# film characteristic curves and log(lux*sec)

Discussion in 'Film and Processing' started by weasel_bar, Aug 13, 2022.

1. Huh?
The slope, gamma, CI, or whatever you care to call it, is got by dividing the density increase (or decrease) by the log E increase that causes it. Those figures are read off from the Y and X axes.
No protractor is necessary, nor indeed very useful.

2. Well, yes, but it is not easy to do.

The tic marks are every log10 unit. Tic marks every 0.1 log10 unit would make it much easier.

But even so, if the x and y (or B and H) scales are the same, then we can almost estimate the slope looking at it, or use a protractor.

It is not so hard to judge a slope of 1.0 when the scales are the same. And then a little more, or a little less, or a lot less.

And even worse, most of the time there really isn't a straight section. There are parts that are less curvy, but not quite straight enough.

Why make it so hard to read the graphs!

3. Because most users don't care that much?

There are a few free computer programs that can trace a graph curve semi-automatically and extract the raw data from it, usually in CSV format. I use one of those and create a spreadsheet - if I'm that interested. The spreadsheet then makes it very easy to determine an average slope, sectional slope, etc. etc.

('Grafula' is one such program, if you're interested)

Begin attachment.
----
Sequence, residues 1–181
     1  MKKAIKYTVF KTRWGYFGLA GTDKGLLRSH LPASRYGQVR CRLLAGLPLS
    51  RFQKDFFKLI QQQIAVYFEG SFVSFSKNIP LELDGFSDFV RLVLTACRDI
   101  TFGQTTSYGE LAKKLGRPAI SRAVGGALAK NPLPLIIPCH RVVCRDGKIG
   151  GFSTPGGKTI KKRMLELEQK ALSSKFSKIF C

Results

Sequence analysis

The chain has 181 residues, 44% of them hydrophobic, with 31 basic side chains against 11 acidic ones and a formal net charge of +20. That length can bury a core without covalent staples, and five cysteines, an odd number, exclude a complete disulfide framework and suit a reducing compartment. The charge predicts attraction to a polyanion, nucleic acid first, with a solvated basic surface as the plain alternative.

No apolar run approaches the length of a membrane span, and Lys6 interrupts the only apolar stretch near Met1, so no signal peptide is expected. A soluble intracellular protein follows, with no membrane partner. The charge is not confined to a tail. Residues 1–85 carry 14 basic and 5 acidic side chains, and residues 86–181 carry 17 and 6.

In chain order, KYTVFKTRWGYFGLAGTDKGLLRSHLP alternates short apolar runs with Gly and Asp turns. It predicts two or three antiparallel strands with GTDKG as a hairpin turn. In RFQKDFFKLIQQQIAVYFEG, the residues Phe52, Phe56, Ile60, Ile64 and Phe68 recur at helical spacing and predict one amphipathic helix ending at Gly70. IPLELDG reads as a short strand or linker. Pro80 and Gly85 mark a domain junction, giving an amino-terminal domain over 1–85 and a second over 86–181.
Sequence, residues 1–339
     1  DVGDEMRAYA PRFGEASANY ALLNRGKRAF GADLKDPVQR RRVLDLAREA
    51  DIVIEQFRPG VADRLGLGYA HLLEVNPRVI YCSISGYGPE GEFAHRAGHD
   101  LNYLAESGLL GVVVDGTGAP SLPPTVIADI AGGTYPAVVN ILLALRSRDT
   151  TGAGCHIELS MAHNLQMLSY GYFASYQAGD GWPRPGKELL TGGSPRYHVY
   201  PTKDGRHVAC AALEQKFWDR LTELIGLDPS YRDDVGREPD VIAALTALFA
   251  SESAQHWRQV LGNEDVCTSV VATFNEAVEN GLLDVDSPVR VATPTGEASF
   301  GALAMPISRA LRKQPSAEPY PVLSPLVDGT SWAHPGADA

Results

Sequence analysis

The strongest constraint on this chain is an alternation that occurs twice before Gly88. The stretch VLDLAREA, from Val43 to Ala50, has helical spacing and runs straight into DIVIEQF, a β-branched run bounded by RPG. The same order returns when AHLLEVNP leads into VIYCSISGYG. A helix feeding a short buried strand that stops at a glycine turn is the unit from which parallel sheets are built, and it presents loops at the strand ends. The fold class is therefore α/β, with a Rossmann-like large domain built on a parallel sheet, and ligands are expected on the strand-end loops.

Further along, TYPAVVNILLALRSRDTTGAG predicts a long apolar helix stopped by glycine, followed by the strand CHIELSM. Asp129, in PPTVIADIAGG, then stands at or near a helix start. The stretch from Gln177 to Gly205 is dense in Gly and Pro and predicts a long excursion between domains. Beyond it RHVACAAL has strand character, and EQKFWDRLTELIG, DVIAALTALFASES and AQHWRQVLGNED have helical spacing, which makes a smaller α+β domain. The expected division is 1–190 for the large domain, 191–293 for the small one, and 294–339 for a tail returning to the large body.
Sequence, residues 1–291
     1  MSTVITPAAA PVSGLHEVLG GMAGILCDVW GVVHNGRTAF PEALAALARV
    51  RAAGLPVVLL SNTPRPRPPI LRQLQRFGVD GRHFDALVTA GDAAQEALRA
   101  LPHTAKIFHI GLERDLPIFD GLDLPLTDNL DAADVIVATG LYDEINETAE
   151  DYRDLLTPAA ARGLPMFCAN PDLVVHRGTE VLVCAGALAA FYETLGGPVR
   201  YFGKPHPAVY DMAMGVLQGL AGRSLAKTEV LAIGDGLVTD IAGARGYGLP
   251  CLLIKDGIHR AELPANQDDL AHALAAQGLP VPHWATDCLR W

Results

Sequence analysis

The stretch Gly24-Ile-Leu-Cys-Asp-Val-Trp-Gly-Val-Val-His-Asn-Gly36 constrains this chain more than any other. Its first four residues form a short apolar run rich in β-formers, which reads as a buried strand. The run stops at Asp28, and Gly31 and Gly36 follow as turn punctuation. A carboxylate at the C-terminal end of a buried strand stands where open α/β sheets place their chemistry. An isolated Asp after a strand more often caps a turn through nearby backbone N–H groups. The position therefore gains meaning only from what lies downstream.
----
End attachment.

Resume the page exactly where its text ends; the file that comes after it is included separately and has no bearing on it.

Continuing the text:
But, let's face it. Film enthusiasts today, using stale film and kitchen sink processing, are hardly going to notice if their gamma/CI is plus or minus 0.1 away from what it should be. And how would they know? Because I bet densitometer ownership is less than 1 in a thousand; and who wants a collection of stepwedge pictures?

As for the many push-processors that think a 'thicker' negative is a better negative - Urghh! Last edited: Aug 19, 2022
4. I am sitting at work not working. So I figured out the source of the formula I cited above log (H-midgray) = log (10/ISO).
It comes from Hm, the speed point, and proper developing, as described by rodeo joe, placing mid-gray at 0.75D above baseline+fog, as described by alan marcus, and an assumption of linearity in the density/exposure curve between log(Hm) and log(H-midgray)

H(mid-gray): exposure needed for 0.75D above baseline+fog
Hm: exposure needed for 0.1D
If film properly developed, 1.3 log exposures above log(Hm) yields density of 0.9
Therefore, the slope of the curve, if linear, from log(Hm) to log(H-midgray) = (0.9-0.1) / 1.3 = 0.6
Density of 0.75 is 0.65 units above density at Hm (0.1).
0.65 occurs at 1.1 log exposures above Hm: 0.6*1.1 = 0.65

Hm= 0.8/ISO ==> log Hm = log 0.8 - log iso
Log(H-midgray) = log Hm + 1.1
= log 0.8 - log ISO + 1.1
= -0.1 - log ISO + 1.1
= 1 - log ISO =
log (10/ISO)

So Log (H-midgray) is 1 - log(iso) = log(10/ISO) if the response curve is linear between the speed point and proper exposure for mid-gray

QED!!!!!!!!!!

5. The above works if 0.75 is indeed the correct TRANSMISSION density on a NEGATIVE for mid-gray. I think this would be correct if 18% transmission in a negative results in 18% reflectance in the printed image, as @alan_marcus|2 has stated (that 18% is the anchor point). I found at least 1 other thread on photo.net in which @alan_marcus|2 and @rodeo_joe|1 argue this point vociferously.
18% Gray Card

I did not come up with the equation for the relationship between iso and proper exposure for mid-gray. I found relationship stated on the website below. I only tried to figure out why it might make sense. It does, if the density of 0.75 is right, and we take the definition of speed point and use a gamma of 0.6.
A Practical Guide to Using Film Characteristic Curves | Film Shooters Collective

6. Oops. I made a typo. I meant:
"Therefore, the slope of the curve, if linear, from log(Hm) to log(exposure where density 0.8 above Hm) = (0.9-0.1) / 1.3 = 0.6."